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Tadd deserves exemption now for next year


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POSTED: Monday, January 19, 2009

Maybe it's not normal policy. But do it anyway—change the rules if you must, Sony Open boss-people.

Give Tadd Fujikawa an exemption for next year's tournament, right now.

Not that he can't find his way to the first tee on his own merits—he did it the hard way this year, clawing through a Monday qualifier. And who's to say he can't come out of Q-school this year with a PGA Tour card in hand? (Tadd's mom, Lori, says the plan is "strictly golf" for him after graduation from Moanalua High School this spring; imagine how good this kid will be when it's not a part-time job anymore.)

But let's just get this done now. Tadd at Waialae in 2010, no uncertainty.

And then you can start selling tickets. Strike while his irons are hot.

Maybe you're a little gun-shy about exemptions for teenagers because of, well, you know why. But this is a different case. Tadd's a pro, and he made the cut—for the second time in three years. The other players respect him.

And this guy draws better than Picasso.

Tadd didn't follow up yesterday with another monster round to win the $972,000 first-place check, but he's the biggest single reason Hawaii charities will get at least that much when the accounting's done.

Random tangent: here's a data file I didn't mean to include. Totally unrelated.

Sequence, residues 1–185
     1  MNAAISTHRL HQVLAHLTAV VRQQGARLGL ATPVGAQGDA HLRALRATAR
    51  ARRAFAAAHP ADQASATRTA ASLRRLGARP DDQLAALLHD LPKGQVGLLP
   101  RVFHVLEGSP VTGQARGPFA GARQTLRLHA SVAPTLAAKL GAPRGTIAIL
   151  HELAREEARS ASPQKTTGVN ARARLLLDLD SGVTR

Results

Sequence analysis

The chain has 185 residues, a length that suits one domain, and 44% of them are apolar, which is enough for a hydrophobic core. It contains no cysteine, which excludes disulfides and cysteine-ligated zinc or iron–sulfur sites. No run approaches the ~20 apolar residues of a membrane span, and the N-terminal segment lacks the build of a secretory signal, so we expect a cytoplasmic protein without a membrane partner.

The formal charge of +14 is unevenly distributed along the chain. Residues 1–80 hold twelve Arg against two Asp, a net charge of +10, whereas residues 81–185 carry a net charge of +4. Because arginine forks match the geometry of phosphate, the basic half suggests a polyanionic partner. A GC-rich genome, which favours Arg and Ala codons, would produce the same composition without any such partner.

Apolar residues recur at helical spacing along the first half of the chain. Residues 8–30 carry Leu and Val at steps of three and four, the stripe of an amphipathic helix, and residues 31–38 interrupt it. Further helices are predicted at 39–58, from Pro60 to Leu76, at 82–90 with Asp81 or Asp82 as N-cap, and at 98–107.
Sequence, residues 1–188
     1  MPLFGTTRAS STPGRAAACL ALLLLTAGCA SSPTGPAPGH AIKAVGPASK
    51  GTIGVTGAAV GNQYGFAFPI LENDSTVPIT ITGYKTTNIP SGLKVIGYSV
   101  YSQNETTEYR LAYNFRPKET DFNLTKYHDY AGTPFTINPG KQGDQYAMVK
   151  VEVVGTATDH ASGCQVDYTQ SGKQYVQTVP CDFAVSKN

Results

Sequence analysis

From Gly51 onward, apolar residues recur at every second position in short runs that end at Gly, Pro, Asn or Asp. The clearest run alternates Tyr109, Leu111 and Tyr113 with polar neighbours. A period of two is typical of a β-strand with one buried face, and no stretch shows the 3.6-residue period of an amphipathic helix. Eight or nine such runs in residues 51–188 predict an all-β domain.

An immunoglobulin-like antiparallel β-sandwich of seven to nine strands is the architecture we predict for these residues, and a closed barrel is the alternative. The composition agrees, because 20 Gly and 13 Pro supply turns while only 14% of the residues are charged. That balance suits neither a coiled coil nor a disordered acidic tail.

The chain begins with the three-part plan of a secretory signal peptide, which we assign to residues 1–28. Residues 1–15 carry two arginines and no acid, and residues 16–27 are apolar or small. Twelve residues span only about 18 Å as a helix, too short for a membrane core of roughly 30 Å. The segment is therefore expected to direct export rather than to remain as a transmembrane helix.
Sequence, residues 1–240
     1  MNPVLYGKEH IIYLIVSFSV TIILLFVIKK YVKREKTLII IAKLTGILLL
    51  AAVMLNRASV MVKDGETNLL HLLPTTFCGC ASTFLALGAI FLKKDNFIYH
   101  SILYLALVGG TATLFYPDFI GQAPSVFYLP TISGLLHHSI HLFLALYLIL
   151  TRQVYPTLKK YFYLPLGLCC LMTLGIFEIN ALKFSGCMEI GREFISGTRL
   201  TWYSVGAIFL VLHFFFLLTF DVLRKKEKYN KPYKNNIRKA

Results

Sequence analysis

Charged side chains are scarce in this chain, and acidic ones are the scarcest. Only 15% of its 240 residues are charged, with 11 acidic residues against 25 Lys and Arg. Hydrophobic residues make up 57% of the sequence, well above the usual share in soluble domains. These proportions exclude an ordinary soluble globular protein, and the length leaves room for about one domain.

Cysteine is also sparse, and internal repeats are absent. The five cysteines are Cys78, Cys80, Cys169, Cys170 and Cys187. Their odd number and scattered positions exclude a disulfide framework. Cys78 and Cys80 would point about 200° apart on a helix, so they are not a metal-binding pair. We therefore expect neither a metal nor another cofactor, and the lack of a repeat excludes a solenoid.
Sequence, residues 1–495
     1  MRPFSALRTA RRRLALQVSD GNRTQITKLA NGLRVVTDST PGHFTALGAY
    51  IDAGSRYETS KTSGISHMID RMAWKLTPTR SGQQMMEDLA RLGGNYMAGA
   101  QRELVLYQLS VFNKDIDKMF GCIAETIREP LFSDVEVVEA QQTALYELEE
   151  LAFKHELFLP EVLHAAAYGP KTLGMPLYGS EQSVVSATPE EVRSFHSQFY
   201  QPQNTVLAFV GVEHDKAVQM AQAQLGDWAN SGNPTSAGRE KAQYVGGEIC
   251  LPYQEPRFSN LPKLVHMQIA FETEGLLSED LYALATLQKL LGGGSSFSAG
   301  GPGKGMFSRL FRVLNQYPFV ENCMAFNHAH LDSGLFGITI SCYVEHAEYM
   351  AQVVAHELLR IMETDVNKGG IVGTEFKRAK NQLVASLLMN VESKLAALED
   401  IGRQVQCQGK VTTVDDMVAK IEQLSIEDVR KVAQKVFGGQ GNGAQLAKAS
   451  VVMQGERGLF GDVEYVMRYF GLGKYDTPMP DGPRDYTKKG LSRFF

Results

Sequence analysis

Tony Guerrero, honcho of Friends of Hawaii Charities, was overjoyed yesterday. He said attendance records were set for Saturday (12,900) and yesterday (18,000).

"It's going to be around for a while," Guerrero said, speaking of the tourney (the PGA's contract here ends next year).

And it's looking like Sony will, too. Serious negotiations are well under way for continued sponsorship.

No offense to Zach Johnson, the gritty, consistent and classy winner, a past Masters champion, no less.

But more of this mob came to see the little guy who barely made the cut, then shot up the leaderboard on Saturday.

Watching the watchers was even more interesting than usual, as the gallery sizes for the final three pairs did not reflect the scoreboard.

On the front nine, Fujikawa drew the biggest, with hordes of local fans, Shigeki Maruyama a big crowd of people from Japan, and Johnson and David Toms a smaller group of folks mostly from the mainland.

After the turn, with Fujikawa and Maruyama faltering, Johnson began to attract some of their crowds. But most of Tadd's stayed to bring him home.

Overheard on the 18th fairway, as he walked to the green among the rousing cheers:

"These Hawaii people, they really support their own."

True. Just ask Jasmine Trias, she knows.

It's something of which to be proud—and something for this tournament to use to its advantage, right now.

This was by far the most significant 32nd-place finish in the tournament's history, even bigger than when Tadd was 20th as an amateur two years ago. Making the cut the first time's great and all, but the second time validates.

If his putter hadn't cooled off and he finished top 10, he'd be in for next year.

But there were a few thousand reasons yesterday, lining the 18th fairway, why an exemption for Tadd Fujikawa should be a no-brainer.